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Press release – 2/11/14 – Debt ceiling passed ‘clean’

With an abruptness rarely seen in fiscal debates over the past several years, the House of Representatives passed a “clean” debt ceiling increase that will negate the need for further discussion on the issue until 2015. The Bill passed with only 28 Republican votes, and all but 10 Democrats.

Of the 28 votes that came from Republicans, Rep. Richard Hanna was again among those that broke from the main voice of Republicans – as he did in October and since. In fact his separation from the main body of Republicans in the House has gained traction in much of the mainstream media that are now correctly labeling Rep. Hanna as a moderate – as opposed to his “conservative” stance that enabled his election to Congress in 2010.

meet and greet in Vestal NY, at home of attorney James Sacco

coffee and doughnuts meet and greet in Vestal NY

NY-22 candidate Michael Vasquez had this statement on the vote,

“It is a shame to see that the debt ceiling passed in the manner it has. Not only does this vote stall the previous slight move towards accountability and responsibility with regard to the national debt, as there is no limit to the amount of increased debt that the nation can attain with this Bill, but by is vagaries it reverses that budding trend.”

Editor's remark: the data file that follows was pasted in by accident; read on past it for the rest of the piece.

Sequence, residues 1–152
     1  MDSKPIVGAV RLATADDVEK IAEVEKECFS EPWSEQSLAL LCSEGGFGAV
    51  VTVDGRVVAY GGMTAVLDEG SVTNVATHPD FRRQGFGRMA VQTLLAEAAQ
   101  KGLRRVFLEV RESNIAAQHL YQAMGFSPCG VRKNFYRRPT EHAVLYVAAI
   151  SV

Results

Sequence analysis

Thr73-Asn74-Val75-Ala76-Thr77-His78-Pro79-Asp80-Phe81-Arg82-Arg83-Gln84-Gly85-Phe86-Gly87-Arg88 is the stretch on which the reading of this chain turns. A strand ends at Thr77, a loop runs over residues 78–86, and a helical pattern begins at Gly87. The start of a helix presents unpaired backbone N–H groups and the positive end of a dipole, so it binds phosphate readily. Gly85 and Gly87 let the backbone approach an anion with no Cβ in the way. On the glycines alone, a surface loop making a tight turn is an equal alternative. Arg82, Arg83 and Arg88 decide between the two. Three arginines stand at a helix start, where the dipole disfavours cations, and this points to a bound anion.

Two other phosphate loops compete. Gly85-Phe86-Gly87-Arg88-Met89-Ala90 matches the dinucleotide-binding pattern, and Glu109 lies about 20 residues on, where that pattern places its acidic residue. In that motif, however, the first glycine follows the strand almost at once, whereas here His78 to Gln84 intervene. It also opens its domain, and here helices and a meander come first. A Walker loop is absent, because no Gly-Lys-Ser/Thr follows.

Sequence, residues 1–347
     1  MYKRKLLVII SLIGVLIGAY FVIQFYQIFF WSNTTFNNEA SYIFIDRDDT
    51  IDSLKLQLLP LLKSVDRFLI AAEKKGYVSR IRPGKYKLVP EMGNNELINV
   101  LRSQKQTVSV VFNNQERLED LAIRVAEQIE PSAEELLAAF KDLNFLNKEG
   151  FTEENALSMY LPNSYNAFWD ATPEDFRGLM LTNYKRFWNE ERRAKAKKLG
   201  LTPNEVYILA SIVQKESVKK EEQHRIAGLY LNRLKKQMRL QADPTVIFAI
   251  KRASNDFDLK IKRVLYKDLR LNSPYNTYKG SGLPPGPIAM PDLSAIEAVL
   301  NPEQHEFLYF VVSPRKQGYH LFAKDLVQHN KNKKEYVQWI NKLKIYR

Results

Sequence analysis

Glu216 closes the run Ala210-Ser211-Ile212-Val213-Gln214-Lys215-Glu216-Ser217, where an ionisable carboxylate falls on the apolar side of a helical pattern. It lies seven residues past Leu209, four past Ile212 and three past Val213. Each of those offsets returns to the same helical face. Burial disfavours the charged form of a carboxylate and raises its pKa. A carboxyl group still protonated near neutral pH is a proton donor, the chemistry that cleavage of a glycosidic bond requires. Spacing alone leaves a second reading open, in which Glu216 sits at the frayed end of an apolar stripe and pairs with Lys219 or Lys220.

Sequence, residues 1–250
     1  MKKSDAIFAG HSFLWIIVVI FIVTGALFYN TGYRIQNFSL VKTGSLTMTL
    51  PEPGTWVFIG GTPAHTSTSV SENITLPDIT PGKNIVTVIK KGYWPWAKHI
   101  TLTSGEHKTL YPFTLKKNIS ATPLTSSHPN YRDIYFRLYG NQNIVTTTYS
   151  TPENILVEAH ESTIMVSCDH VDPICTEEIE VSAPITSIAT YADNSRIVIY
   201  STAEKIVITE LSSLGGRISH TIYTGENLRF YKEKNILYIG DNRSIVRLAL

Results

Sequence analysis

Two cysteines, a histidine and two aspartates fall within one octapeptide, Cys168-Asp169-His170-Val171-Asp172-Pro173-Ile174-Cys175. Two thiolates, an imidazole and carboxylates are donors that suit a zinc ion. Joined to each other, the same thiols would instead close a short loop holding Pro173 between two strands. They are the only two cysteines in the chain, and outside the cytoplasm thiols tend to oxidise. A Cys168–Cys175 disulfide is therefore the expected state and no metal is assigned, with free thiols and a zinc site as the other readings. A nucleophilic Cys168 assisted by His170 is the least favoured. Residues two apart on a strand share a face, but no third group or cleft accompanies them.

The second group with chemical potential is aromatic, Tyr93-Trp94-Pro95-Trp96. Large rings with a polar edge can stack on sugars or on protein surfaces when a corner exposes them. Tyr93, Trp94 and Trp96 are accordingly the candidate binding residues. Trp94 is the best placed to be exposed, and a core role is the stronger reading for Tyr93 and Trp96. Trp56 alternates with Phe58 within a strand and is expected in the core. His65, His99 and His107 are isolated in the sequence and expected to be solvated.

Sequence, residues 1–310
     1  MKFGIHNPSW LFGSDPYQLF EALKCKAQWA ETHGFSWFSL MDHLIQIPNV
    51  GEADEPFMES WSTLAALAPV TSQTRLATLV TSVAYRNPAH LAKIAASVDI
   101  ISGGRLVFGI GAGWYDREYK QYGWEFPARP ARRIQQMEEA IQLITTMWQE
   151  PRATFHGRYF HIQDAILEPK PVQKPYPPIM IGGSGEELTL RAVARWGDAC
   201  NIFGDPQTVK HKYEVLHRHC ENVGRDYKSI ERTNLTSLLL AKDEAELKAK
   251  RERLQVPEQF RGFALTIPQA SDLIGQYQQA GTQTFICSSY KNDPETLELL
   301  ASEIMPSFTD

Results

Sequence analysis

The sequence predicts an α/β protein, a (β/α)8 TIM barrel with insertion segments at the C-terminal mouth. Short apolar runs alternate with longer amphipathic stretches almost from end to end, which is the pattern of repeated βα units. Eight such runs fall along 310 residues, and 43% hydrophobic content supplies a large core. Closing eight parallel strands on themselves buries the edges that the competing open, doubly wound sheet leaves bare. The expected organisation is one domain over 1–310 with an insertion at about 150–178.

Candidate Vasquez went on to say,

“If the apparent abandonment of fiscal responsibility were not enough, the salt in the wound is the continued existence of military pension cuts – sure to affect constituents of the NY-22 around Fort Drum (Herkimer County) and retirees from Griffiss Air Force Base (now under civilian use as Griffiss International Airport – Onieda County) as well as vets across the rest of the District. Our military retirees deserve better than the targeted attack on their benefits, that this ‘clean’ debt ceiling deal apparently cements in place. I would not have voted for this ‘clean’ Bill.”

The cut in military pensions was part of the Ryan-Murray budget deal enacted at the beginning of the year. That deal immediately increased Government spending by $63 billion, as opposed to the $43 billion saved via the Sequester requirements of 2013. To pay for that increased spending, in part, military pensions were targeted. Rep. Hanna was among those that voted for this deal.

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